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Stand Up! The people who sit the most die the soonest.

Arteries carry the bright red oxygen-rich blood to your organs where red blood cells are exchanged for carbon dioxide. The blood vessels that carry the de-saturated blood away are called veins and they are blue. There are several coronary arteries that deliver oxygen and nutrients to the heart's own tissue. These coronary arteries can become blocked by a buildup of cholesterol fats and we all know what can happen when the blockage becomes too great. We all know circulation is important, but too often we ignore how important keeping our blood moving really is. If we were as aware as we should be we'd spend less time sitting in front of our computers or watching TV. The body's organs require blood in order to function properly...and too much sitting clogs things up more than we think.

Several studies have concluded the more time people spend sitting the greater their risk of premature death. One Australian Study, published in 2010, found that every daily hour spent in front of TV over a 6 year period increased a person's risk of death by 11%. The study wasn't about exercise, it measured the basic day to day activity that involves moving, bending and stretching that keeps your blood circulating and your muscles from losing tone. It was performed on 8,800 adults aged 25 and older and people with a history of cardiovascular disease were excluded.

A more recent study conducted by the Sax Institute, part of the largest ongoing study of healthy aging in the southern hemisphere, compared the self-reported daily sitting time of 222,497 adults 45 years or older. This study looked at the relationship between total daily sitting time to the likelihood of dying within the next three years. Its most striking finding was that people who sat more than 11 hours a day had a 40% higher risk of dying in the next three years than people who sat less than four hours a day. The Study adjusted for exercise, obesity and other risk factors, but also found that you can't exercise this effect away. The death risk was much lower for anyone who exercised five hours a week or more, but the odds of premature death still rose as these active people sat longer.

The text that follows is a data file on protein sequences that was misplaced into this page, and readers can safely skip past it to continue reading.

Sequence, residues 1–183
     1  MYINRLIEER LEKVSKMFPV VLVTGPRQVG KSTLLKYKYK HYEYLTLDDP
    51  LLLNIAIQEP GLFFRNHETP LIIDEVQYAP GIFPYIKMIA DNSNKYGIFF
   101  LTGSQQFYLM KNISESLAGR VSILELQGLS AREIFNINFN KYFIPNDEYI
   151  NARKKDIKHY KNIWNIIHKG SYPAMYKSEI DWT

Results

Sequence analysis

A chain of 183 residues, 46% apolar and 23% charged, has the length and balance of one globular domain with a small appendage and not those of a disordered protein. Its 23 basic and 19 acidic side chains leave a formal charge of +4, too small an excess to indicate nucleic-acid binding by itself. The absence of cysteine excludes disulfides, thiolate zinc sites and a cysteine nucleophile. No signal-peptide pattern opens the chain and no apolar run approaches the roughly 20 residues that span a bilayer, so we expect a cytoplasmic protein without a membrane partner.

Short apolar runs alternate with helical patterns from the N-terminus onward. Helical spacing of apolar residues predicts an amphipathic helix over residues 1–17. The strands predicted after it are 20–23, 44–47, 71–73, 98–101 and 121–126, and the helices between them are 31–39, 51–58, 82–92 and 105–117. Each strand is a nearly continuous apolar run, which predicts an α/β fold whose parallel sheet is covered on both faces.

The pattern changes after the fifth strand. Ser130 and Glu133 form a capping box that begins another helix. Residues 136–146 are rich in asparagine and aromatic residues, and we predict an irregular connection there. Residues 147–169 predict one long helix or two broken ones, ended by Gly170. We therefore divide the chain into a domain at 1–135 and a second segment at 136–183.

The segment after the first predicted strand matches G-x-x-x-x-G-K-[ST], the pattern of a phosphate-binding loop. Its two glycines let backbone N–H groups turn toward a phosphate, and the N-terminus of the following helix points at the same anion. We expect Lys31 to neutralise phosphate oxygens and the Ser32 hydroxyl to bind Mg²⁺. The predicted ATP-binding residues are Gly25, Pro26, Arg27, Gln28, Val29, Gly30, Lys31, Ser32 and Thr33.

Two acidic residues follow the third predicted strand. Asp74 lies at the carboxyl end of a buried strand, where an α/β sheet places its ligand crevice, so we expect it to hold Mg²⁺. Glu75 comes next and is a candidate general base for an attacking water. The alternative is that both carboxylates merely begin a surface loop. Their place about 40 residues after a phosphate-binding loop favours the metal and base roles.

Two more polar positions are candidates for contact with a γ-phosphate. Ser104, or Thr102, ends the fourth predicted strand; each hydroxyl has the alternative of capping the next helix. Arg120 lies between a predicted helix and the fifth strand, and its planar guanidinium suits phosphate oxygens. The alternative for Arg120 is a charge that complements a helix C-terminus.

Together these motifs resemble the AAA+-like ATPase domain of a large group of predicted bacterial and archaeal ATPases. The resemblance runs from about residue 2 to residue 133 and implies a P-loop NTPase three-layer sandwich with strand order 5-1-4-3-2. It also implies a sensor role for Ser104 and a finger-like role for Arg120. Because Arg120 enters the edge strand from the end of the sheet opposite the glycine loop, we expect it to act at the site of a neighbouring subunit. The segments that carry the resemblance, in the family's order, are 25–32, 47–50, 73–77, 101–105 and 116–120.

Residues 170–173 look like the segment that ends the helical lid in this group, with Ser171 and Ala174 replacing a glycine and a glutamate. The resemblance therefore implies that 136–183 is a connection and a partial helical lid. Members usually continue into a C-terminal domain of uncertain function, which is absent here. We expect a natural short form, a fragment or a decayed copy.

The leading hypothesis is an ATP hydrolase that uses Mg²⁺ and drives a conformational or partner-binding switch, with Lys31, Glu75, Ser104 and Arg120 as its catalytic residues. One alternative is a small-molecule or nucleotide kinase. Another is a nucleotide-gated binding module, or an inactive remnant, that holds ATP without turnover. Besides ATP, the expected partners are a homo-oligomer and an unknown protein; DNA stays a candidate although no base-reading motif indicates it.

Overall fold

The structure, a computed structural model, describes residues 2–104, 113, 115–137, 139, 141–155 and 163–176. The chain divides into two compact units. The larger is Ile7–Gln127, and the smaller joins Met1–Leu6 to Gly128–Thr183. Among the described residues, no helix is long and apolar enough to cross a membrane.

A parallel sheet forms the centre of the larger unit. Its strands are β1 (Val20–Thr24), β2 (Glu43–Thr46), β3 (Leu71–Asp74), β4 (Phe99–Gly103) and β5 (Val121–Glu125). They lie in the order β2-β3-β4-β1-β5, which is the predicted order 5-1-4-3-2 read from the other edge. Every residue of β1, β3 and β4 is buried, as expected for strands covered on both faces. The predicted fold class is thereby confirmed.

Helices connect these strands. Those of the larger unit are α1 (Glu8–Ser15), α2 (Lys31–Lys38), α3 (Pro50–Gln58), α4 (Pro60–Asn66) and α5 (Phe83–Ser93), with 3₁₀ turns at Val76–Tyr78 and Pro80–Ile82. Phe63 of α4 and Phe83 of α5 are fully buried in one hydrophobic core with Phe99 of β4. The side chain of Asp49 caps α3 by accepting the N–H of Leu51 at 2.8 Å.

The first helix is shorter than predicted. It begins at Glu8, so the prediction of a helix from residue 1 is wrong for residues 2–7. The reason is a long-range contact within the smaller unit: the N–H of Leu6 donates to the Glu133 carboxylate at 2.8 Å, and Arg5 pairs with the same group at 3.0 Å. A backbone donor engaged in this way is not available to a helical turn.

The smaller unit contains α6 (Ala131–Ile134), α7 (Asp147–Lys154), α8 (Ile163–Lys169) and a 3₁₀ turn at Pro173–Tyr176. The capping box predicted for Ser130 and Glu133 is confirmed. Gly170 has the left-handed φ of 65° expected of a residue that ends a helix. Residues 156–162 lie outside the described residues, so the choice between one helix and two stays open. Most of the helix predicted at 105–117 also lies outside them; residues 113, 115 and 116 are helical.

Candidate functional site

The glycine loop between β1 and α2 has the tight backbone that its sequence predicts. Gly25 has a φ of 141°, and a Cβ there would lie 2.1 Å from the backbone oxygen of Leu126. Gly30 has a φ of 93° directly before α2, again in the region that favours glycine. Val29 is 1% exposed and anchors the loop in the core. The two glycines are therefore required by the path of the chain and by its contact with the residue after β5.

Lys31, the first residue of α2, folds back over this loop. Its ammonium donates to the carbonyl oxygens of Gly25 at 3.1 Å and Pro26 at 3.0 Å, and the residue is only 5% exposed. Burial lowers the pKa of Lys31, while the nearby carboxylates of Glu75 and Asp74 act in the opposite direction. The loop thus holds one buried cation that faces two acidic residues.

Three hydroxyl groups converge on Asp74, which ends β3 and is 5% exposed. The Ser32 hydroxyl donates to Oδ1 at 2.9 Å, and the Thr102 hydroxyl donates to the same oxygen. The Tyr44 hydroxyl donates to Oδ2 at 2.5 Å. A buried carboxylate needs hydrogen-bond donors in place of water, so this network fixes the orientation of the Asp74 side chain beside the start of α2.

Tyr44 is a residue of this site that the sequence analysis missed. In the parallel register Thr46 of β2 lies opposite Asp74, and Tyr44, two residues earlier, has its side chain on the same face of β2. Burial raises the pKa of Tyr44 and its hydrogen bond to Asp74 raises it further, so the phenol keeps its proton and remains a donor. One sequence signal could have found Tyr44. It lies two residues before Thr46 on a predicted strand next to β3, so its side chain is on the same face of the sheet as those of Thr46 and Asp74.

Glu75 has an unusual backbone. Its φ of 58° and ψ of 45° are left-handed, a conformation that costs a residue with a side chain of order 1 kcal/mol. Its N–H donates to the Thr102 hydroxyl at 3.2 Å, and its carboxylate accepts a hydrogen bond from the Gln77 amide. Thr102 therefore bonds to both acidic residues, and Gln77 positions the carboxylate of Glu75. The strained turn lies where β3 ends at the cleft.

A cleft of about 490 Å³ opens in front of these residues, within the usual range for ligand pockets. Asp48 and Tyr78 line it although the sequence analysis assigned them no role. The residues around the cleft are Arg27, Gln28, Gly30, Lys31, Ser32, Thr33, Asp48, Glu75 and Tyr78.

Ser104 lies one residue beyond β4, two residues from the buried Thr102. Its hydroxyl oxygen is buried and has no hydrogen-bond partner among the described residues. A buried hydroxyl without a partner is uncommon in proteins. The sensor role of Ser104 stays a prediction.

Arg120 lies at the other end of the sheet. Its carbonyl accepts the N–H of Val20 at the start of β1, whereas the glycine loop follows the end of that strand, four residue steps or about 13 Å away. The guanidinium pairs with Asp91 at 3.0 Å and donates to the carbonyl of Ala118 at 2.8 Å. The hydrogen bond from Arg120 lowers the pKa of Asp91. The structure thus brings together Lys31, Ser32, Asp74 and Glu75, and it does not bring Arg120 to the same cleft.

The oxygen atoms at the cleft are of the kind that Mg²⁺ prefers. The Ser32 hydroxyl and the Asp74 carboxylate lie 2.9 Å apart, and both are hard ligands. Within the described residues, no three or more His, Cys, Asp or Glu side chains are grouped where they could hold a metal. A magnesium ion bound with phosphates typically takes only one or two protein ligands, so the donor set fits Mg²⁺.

The study's simple message is that spending more time standing and less time sitting prolongs life and since the average adult spends as much as 90% of their leisure time sitting there is plenty of room to improve. People who do a lot of sitting should make every effort to move around more. At work, short breaks spent walking around every hour are helpful; at home, almost anything you can think of is better for you than just sitting around, so try to engage in some form of activity as often as you can. Many people enjoy exercising or doing certain types of housework while they watch TV, instead of sitting for hours at a time. I place Foot Massager under my desk while I'm sitting at my computer and often use it while watching TV. I've noticed a big difference in how I feel when I don't just let my blood "Sit." It's called circulation for a keep your blood moving. Tom LeDuc